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  #16  
Old 01-05-2001, 06:05 PM
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Location: Northern California/Western Washington
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I agree it was odd to get better mileage with the lower octane fuel and have no explanation. I took a look at the kinds of miles - pretty much the usual combination of freeway cruising and neighborhood errands. On long trips, the mileage soars, but that's probably because I'm good about travelling at a consistent speed.

I ain't sayin' what that speed is, but it's not legal and it's fun....
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  #17  
Old 01-06-2001, 01:17 AM
dlswnfrd
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To All

Having read all the posts on rough idling engines of the 300E, I read nowhere the item that effects idle speed and smoothness. When my '87 with the 103.98 engine idles rough I've been able to smooth the idle by adjusting the Lambda Control of the output voltage from the O2 sensor. I use a dwell meter to read the output from the sensor and using that long allen wrench, down through the hole in the airfilter, adjust the idle mixture until I get the right dwell at 2000 rpm. The smart box controls the speed, you adjust the mixture. Check it out. Happy Trails Beep Beep from Houston.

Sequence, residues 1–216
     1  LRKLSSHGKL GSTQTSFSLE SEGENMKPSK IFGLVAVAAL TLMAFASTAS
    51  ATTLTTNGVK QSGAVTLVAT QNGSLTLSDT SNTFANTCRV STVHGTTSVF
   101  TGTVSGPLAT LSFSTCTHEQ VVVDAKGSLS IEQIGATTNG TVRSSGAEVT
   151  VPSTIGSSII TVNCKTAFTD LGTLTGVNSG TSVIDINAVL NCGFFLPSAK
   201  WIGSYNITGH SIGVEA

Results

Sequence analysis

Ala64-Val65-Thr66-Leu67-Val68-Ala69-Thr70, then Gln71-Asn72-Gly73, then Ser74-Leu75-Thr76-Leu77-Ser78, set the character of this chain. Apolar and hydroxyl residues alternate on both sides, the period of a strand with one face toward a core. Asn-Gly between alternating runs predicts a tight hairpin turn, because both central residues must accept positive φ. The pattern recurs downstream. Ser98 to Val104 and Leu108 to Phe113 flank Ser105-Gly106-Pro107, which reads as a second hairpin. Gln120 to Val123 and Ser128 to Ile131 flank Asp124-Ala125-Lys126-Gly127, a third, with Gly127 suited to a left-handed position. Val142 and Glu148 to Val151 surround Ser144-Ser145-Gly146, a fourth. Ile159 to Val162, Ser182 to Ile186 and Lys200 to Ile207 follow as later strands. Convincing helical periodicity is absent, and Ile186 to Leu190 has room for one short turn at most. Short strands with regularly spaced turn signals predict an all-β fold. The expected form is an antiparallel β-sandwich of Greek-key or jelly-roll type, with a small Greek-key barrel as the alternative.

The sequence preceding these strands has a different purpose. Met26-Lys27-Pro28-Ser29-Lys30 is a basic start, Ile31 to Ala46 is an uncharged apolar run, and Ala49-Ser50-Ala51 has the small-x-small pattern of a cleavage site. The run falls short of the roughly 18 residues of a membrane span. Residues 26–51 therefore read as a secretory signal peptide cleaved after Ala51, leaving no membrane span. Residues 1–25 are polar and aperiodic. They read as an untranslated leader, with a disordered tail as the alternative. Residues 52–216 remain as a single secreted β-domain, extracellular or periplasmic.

Donald.
and all little Benzes is smuv.
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  #18  
Old 01-06-2001, 09:08 AM
PCU2000
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Donald, thanks for the post. Just last week when I was watching the last diagnosis (I have another scheduled this coming Wed - the idle is still unacceptable), my tech was adjusting what I think you're talking about. It's just to the right of the fuel distributor... and the tech looks over at me and says "Never adjust this. If someone comes up offering you a ??mm Allen wrench, just say no". I never circled back in the conversation to confirm WHY that was sacred... I think it may just preserve the gulf between Tech and regular humankind... like "don't eat the fruit from that tree" kinda stuff.
I'm a sinner: What size Allen wrench do I need?
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  #19  
Old 01-06-2001, 11:35 AM